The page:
Should You Tweet Content More Than Once?

A really interesting discussion was going on at Twitter. Rand of Moz was saying that he wanted to convince his wife Geraldine to tweet content more than once.

That one tweet stirred up a conversation that you can read on Twitter.

Here is a quick screenshot of part of the conversation.

Should You Tweet Content More Than Once

As you can see, Rand is an advocate for tweeting content more than once because it’s unlikely that all of your followers will see your content the first time.

I agree with Rand completely. In fact, here is my method of tweeting.

I use Buffer to schedule my tweets, and FollowerWonk to determine the best time to tweet.

I then use two WordPress plugins to automate sharing. WP to Buffer is used to add new content to my Buffer queue at specific intervals.

Then Buffer my Posts is used to schedule older content to reshare at a specific interval.

At the same time I mix in fresh content from other websites that I curate and feel my followers would enjoy. That way it’s a good mix of old, new and other people’s content.

This has worked for me, and I constantly adjust the timing and intervals to make it more optimal. That’s the key… try, fail, adjust, try.

I hope you found this helpful in your journey towards Twitter mastery.

Thanks for reading,
Scott

What have you done for your photography business lately?

photography-business-lately

What have you done for your photography business lately?

I’ll ask again. What have you done for your photography business lately?

This has been a friendly reminder to take time here and there and find ways to improve your photography business.

Thanks for reading,
Scott

Improve Your About Page With Your Story

your story your about page

Marketing and storytelling are one in the same. The photographer’s about page is often overlooked when writing great content. So today I want to share some simple things to do for improving your about page.

It all starts with a list, which can then be transformed into paragraph and bulleted based content.

Start with your story. How you got into photography. Why you are a photographer. Then create a list of what you bring to the table and how you plan on making your customer’s experience the best possible.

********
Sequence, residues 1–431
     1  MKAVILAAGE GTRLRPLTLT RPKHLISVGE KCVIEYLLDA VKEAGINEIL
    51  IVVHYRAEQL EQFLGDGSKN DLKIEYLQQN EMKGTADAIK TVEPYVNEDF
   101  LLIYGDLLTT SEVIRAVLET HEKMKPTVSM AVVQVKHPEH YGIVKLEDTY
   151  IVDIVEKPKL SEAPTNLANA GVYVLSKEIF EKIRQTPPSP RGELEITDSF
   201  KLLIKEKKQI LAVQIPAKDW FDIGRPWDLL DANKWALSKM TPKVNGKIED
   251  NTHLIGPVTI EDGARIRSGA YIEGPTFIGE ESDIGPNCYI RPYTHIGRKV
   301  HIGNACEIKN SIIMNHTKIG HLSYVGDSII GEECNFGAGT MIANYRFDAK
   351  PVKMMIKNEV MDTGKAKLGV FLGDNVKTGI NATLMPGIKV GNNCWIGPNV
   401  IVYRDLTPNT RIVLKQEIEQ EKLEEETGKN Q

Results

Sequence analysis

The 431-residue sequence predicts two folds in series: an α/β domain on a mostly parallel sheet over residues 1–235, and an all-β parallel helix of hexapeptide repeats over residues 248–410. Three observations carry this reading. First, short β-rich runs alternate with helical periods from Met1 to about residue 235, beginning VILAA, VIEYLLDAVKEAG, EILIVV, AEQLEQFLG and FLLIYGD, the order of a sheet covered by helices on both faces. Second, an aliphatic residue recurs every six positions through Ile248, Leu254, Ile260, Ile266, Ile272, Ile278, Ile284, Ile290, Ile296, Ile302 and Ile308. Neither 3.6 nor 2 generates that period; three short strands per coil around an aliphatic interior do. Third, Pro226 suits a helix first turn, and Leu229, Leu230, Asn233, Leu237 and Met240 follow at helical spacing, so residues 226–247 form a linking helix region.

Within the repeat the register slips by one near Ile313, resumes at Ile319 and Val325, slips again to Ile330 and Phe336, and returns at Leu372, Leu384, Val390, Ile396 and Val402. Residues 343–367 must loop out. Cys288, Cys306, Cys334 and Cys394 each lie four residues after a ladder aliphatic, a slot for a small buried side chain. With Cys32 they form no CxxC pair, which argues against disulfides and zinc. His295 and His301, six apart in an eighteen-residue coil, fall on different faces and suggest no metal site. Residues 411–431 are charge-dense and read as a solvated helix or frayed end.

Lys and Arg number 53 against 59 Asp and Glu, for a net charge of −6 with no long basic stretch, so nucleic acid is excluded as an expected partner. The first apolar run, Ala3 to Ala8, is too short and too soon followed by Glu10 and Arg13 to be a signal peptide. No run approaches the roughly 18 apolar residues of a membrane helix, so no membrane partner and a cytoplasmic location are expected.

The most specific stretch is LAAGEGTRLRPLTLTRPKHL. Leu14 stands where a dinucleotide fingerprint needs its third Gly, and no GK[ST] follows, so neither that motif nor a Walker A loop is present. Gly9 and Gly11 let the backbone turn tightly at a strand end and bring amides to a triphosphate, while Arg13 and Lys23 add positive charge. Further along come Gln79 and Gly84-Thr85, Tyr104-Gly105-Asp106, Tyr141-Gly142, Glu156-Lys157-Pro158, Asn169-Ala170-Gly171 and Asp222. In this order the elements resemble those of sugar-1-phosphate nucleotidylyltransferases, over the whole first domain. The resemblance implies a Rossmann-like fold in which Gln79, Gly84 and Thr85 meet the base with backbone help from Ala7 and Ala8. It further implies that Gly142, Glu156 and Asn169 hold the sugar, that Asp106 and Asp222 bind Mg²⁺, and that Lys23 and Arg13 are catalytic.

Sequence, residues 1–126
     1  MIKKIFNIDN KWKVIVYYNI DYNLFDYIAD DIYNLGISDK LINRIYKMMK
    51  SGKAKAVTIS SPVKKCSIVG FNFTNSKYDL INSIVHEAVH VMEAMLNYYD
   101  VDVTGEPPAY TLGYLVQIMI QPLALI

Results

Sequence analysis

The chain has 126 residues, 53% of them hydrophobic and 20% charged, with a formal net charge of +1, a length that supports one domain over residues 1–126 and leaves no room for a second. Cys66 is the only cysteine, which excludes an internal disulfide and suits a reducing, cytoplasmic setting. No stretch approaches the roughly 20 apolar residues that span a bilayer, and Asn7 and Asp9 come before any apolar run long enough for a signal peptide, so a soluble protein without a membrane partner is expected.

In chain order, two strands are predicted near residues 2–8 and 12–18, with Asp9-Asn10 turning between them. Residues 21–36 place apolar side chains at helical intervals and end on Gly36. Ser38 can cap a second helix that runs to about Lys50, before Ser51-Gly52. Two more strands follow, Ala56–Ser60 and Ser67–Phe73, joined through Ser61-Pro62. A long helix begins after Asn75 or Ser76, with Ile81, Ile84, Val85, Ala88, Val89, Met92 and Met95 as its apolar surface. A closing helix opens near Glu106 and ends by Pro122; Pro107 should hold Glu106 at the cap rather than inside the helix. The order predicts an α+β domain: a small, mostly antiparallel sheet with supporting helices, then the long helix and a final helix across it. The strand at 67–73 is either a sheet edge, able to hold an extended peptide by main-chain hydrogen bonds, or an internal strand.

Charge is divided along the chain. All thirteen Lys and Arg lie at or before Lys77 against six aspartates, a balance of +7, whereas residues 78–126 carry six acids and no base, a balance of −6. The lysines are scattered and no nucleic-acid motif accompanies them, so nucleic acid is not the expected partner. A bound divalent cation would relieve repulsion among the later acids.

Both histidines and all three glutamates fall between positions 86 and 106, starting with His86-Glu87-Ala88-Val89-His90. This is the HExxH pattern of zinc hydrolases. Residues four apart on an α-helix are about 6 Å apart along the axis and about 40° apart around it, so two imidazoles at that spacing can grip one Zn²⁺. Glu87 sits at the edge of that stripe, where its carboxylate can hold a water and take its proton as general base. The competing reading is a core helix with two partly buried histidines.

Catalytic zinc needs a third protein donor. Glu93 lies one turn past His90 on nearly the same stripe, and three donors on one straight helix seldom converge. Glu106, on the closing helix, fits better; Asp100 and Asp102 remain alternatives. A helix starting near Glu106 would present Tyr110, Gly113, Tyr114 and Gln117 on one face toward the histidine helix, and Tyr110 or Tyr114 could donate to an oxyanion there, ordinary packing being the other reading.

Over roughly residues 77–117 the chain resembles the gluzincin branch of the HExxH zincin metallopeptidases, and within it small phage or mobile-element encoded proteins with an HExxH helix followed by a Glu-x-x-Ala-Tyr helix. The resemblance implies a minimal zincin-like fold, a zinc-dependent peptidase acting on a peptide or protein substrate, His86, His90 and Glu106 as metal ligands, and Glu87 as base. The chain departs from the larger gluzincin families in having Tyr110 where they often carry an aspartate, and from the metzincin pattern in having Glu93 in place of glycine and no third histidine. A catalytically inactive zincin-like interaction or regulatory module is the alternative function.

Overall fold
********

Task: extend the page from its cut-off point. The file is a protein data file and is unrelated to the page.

At the end of the day your about page should tell your story, but relate it to your clients.

I was in the process of reworking my about page, and included 10 facts about myself. Two of those included being color blind and dyslexic. No more than an hour after hitting the update button I received an email from a lead. She was an eye doctor opening her own practice. She specializes in color blind people, which apparently relates to dyslexia. So when she read my about page there was an instant connection. So she contacted me.  See the email here.

That is one small bit of proof that sharing your story works.

I’ve now shared a snippet of advice for your about page, and short story of my own experience. But there are so many other photographers utilizing their about pages in such great ways. Below are some of those, so please be sure to check them out.

To keep this discussion going I want to mention two other things.

When reworking my about page I found myself writing too much.  So I eventually cut it down so it’s straight to the point, but still sharing my story.  If you find yourself in that same situation, I recommend rewording your story and submitting it as a Photo Profile at Seven By Five Magazine.  I say that because you then have “press” to include on your website, and it continues your story for anyone interested in reading more.

If you have written an awesome story for your about page, or included a beautiful video then please comment with a link so the community can take a look at what you’ve done.

Thanks for reading,

Scott

 

Per Image Pricing

The a very long time I have been offering package and day rate pricing to clients. However, after my friend Rosh Sillars published an article on per image pricing I decided to rethink my strategy.

That’s not to say that package pricing is a bad method. In fact, for wedding photography package pricing is ideal. You can learn all about that methodology at Salesographer.

But if you want to learn about per image pricing and how useful it is for some photography styles like commercial work, then view the conversation I had with Rosh.

Basically per image pricing is the idea where you are charging one price for each image, and that includes all of your time shooting, editing and delivering the product.

Because of this method, Rosh considers himself a low-risk photographer. Meaning that if the client isn’t happy with the product that Rosh reshoots it without added fees.

Check out Rosh’s per image pricing calculator.

per-image-pricing